Rate rises are coming. Is it time to fix your mortgage?

With the looming threat of a rise in the Bank of England base rate, is now the time to fix your mortgage?

Mark Carney, Governor of the Bank of England, continues to forecast gradual increases to the base rate, which currently sits at a record low of 0.5%, between now and 2017. The cost of fixed rate mortgage deals has already started to edge up, reflecting the beginning of the end for historically low rates.

Homeowners with standard variable rate (SVR) mortgages and deals linked to the base rate, such as trackers, have enjoyed more than five years of lower payments. But if and when the base rate starts to go up, those not on a fixed-rate deal will start having to shell out more each month to keep their bricks and mortar.

Locking down your rate with a fixed deal could protect you against base rate hikes for up to five years. But, as the average cost of a fixed rate deal goes up and base rate remains static, is fixing the right decision?

Here’s a look at whether or not now is the time to fix your mortgage.

The effect of rate rises

The Bank of England base rate hit 0.5% in March 2009 and has remained there ever since. While savers have been adversely affected, borrowers have benefited from the prolonged period of low interest rates.

According to The Money Charity, borrowers in the UK are paying less interest on their debt than at any point in the last decade – despite record levels of lending by banks.

Homeowners are paying less interest than at any point since April 2004, even though levels of outstanding mortgage debt have risen by 58% over the last 10 years. Mortgage interest rates are at their lowest since 1998.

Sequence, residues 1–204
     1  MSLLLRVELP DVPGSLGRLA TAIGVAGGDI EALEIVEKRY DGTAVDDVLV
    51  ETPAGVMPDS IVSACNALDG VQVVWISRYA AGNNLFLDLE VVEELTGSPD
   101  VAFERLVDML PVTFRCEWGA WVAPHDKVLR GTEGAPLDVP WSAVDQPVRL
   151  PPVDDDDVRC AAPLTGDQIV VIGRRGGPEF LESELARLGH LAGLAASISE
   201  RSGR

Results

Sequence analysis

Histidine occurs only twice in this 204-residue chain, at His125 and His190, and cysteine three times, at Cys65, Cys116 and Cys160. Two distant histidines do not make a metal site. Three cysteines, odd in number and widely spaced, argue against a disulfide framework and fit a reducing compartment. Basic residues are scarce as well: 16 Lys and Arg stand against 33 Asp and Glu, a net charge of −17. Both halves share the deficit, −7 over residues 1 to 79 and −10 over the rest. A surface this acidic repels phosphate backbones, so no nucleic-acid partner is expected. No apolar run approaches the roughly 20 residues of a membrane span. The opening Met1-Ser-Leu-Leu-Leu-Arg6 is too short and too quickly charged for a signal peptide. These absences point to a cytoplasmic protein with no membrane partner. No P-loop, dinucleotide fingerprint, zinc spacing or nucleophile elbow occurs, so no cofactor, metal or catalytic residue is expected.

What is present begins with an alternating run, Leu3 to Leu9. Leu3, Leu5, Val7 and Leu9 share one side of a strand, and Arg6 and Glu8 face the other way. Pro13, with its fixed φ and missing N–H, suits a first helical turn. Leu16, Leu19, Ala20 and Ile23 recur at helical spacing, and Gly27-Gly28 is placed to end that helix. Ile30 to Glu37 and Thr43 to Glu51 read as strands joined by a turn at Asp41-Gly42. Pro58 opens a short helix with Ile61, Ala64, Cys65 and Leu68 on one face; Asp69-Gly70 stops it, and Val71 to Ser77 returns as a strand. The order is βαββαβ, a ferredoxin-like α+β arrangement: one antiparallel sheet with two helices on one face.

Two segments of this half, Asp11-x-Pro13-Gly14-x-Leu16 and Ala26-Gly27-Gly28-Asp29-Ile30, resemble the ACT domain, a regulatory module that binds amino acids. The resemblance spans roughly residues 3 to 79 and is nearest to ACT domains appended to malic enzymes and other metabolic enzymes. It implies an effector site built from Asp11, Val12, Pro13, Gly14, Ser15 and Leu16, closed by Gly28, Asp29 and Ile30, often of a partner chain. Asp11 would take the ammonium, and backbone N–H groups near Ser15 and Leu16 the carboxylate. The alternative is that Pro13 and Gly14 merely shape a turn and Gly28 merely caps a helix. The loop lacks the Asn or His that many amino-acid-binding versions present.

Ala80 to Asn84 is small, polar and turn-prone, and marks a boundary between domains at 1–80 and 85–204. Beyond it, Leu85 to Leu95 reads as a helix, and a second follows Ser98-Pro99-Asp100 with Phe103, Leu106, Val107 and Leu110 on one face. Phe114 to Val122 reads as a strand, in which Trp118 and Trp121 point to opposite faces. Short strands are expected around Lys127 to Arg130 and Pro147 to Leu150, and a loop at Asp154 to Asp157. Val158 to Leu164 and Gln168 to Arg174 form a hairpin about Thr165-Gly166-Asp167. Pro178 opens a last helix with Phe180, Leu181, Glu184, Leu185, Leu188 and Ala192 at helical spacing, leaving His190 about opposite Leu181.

Tight budgets

If you don’t have a fixed rate mortgage, though, you’ll be affected when rates start to rise. This could be particularly difficult for homeowners on tight budgets even while rates are low.

Based on the average house price of £183,462 (Halifax House Price Index, June 2014) we can estimate how much of an effect base rate rises could have.

If you put down a 20% deposit on an average-priced property, took a loan for £146,769 over 20 years at a rate of 4.00%, and the rate you pay went up by 0.25% to 4.25%, your monthly mortgage payment would go up from £889 to £909 – £20, or the equivalent of an additional £240 a year.

If your rate went up by 0.50% to £4.50%, your monthly payments would go up by £40 to £929, or the annual equivalent of an extra £480.

According to Mark Carney, a base rate of 2.5% could be likely by early 2017. If your mortgage rate also went up by two percentage points to 6%, it would mean monthly payments of £1,051 – £162 extra per month compared to now, or a whopping annual bill that’s £1,944 higher than at present.

Unless, of course, you locked down your payments with a fixed rate deal in the meantime.

The cost of fixing

In June, Carney warned that interest rates could start to rise sooner than expected. Since then, ‘swap’ rates – which are the market rates on which mortgage pricing is based – have slowly risen.